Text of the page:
Aberdeenshire councillors are poised to swing the axe and cut £28million from the local authority’s budget this year.
The region was already facing an austere 2016 with council spending on education, infrastructure and care expected to be reduced by about £20million.
But after being “shortchanged” by the Scottish Government’s council settlement, councillors have been forced to cut much deeper than first feared.
Now, after protracted backroom wrangling, the SNP-led administration has unveiled a draft budget which includes the necessary cuts and earmarks funding for its priority areas – regeneration, renewable energy and the long-awaited City Region Deal.
Councillors will gather at Aberdeenshire Council’s Woodhill House headquarters to vote on the budget on Thursday.
The final agreement follows a provisional deal with the SNP administration at Holyrood for a reduced settlement of about £430million.
Although Aberdeenshire’s grant was cut by only 1.5% – the least of any authority in Scotland – the funding received by the north-east remains proportionally the third-lowest in the country.
However, local authority chiefs will urge councillors to formally accept Finance Minister John Swinney’s settlement offer, as well as sign-off on the savings proposals which have been laid out.
Councillor Martin Kitts-Hayes, co-leader of the authority, has described the budget as an exercise in improving “efficiency” at the council.
“Our plans are very much on track,” the Inverurie councillor said.
Mr Kitts-Hayes and his fellow co-leader, SNP councillor Richard Thomson, have also rearranged the council’s savings account – putting money into a number of new reserves.
About £5million has been set aside for the City Region Deal – “a key priority” – and another £4million for affordable housing.
A further £5million has been earmarked for regeneration and a renewable energy cash reserve will be formed.
Mr Kitts-Hayes said: “That shows our priorities going forwards.”
He added that the budget would have “the minimum impact on services and staffing”.
“We’re continuing to look at efficiencies across the council, different ways of working, being smarter,” he said.
“Rather than a cut in service, we’ve looked at it as delivering the same service better.”
The co-leader added that he did not expect the usual “theatre” on budget day, because the administration had published its draft in advance and because there was no extra money to spend.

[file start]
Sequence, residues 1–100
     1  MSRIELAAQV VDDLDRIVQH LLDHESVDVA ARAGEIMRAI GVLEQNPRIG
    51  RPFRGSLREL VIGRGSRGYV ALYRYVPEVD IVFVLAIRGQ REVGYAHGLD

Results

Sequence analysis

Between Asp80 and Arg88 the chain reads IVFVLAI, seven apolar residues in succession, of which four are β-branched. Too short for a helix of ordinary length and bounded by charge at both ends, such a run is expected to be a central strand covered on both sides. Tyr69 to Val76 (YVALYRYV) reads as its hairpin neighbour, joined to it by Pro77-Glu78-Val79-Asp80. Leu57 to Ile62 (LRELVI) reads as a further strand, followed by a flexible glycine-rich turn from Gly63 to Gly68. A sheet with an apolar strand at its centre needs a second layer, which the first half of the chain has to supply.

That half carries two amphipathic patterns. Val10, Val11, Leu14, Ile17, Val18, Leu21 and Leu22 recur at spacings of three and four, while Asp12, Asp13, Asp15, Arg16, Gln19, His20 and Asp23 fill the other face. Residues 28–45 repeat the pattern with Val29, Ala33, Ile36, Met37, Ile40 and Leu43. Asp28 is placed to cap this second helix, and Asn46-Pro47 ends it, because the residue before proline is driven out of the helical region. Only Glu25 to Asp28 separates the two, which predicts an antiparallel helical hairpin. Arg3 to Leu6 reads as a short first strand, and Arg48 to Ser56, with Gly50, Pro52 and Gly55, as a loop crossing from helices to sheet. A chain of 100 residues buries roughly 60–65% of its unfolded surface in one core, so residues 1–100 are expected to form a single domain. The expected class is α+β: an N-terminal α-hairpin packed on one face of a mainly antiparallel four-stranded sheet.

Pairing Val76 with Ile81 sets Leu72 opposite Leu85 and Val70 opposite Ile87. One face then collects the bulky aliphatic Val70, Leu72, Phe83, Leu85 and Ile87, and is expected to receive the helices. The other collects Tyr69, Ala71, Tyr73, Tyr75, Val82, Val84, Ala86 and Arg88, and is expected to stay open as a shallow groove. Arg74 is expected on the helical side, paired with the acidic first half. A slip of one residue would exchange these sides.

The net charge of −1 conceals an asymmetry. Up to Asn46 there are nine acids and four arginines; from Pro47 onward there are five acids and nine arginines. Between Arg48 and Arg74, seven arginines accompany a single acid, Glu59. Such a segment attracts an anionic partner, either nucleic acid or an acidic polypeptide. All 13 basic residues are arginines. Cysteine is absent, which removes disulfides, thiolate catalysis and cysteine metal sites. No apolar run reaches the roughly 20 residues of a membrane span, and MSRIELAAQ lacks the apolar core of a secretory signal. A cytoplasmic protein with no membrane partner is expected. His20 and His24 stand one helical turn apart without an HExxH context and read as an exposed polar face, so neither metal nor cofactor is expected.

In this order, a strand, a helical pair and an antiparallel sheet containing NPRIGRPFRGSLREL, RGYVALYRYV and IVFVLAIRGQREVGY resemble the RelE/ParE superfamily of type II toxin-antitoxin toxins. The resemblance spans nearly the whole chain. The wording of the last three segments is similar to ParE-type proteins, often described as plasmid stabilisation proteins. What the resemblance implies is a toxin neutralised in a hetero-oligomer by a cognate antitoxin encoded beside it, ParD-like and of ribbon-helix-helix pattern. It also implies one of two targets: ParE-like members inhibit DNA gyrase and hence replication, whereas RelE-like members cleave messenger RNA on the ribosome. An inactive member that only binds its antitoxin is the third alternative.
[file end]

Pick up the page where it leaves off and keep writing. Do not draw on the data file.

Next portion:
Nevertheless, Mr Kitts-Hayes said he was “open” to innovative ideas from the opposition.
Fellow administration member and leader of the Labour group, councillor Alison Evison, said: “Although we have not faced the same level of budget cuts as elsewhere, we have still had to make some difficult decisions with regard to savings, including in relation to the education budget.
“I am delighted however that within this context the administration has been able to maintain essential and much valued services such as pupil support assistants.”
More than a third of the savings earmarked in the budget will come from a behind-the-scenes shake up of finance and incoming grants.
But in terms of the spending squeeze, the education and infrastructure departments will bear the brunt.
A total of £3.2million will be cut from education, with nearly half coming from reductions in early learning and childcare staffing.
The road maintenance budget will be slashed by £973,000, a reduction of nearly 6%. And £1.4million less will be spent on waste management – including the emptying of waste and recycling bins – than in 2015.
Although the administration will not cut back on the number of teachers in Aberdeenshire – the council is obliged to meet a target and picked up an extra £800,000 of government funding last year for doing so – finance chief Alan Wood said tighter budgets would make further recruitment difficult.
Mr Wood added that, in light of the devastation caused across the region by recent severe weather, councillors must ensure enough money was kept in the authority’s reserves to respond to future storms.